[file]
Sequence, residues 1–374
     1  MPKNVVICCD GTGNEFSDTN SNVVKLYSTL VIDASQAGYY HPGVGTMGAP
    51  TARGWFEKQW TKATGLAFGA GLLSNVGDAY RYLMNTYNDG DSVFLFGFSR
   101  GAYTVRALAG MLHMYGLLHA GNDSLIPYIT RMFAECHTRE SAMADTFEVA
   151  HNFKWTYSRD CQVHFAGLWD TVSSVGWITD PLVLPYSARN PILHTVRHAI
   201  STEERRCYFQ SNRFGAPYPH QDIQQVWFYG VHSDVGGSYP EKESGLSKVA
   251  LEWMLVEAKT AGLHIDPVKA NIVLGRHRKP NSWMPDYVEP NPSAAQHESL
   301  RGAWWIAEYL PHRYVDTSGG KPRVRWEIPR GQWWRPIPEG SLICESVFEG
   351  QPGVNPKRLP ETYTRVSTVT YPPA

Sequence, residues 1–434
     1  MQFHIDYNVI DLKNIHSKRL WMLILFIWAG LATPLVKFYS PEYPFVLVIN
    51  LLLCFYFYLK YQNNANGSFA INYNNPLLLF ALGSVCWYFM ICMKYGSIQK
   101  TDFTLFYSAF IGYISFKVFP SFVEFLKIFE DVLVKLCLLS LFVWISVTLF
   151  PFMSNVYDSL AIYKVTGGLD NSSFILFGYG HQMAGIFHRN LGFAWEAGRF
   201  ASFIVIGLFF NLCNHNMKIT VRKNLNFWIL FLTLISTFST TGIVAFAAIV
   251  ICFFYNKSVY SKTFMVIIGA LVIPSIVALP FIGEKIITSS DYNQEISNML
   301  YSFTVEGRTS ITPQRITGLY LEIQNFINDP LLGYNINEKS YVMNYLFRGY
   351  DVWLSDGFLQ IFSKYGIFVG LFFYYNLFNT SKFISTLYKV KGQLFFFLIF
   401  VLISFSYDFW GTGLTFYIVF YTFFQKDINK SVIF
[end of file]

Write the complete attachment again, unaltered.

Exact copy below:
Sequence, residues 1–374
     1  MPKNVVICCD GTGNEFSDTN SNVVKLYSTL VIDASQAGYY HPGVGTMGAP
    51  TARGWFEKQW TKATGLAFGA GLLSNVGDAY RYLMNTYNDG DSVFLFGFSR
   101  GAYTVRALAG MLHMYGLLHA GNDSLIPYIT RMFAECHTRE SAMADTFEVA
   151  HNFKWTYSRD CQVHFAGLWD TVSSVGWITD PLVLPYSARN PILHTVRHAI
   201  STEERRCYFQ SNRFGAPYPH QDIQQVWFYG VHSDVGGSYP EKESGLSKVA
   251  LEWMLVEAKT AGLHIDPVKA NIVLGRHRKP NSWMPDYVEP NPSAAQHESL
   301  RGAWWIAEYL PHRYVDTSGG KPRVRWEIPR GQWWRPIPEG SLICESVFEG
   351  QPGVNPKRLP ETYTRVSTVT YPPA

Sequence, residues 1–434
     1  MQFHIDYNVI DLKNIHSKRL WMLILFIWAG LATPLVKFYS PEYPFVLVIN
    51  LLLCFYFYLK YQNNANGSFA INYNNPLLLF ALGSVCWYFM ICMKYGSIQK
   101  TDFTLFYSAF IGYISFKVFP SFVEFLKIFE DVLVKLCLLS LFVWISVTLF
   151  PFMSNVYDSL AIYKVTGGLD NSSFILFGYG HQMAGIFHRN LGFAWEAGRF
   201  ASFIVIGLFF NLCNHNMKIT VRKNLNFWIL FLTLISTFST TGIVAFAAIV
   251  ICFFYNKSVY SKTFMVIIGA LVIPSIVALP FIGEKIITSS DYNQEISNML
   301  YSFTVEGRTS ITPQRITGLY LEIQNFINDP LLGYNINEKS YVMNYLFRGY
   351  DVWLSDGFLQ IFSKYGIFVG LFFYYNLFNT SKFISTLYKV KGQLFFFLIF
   401  VLISFSYDFW GTGLTFYIVF YTFFQKDINK SVIF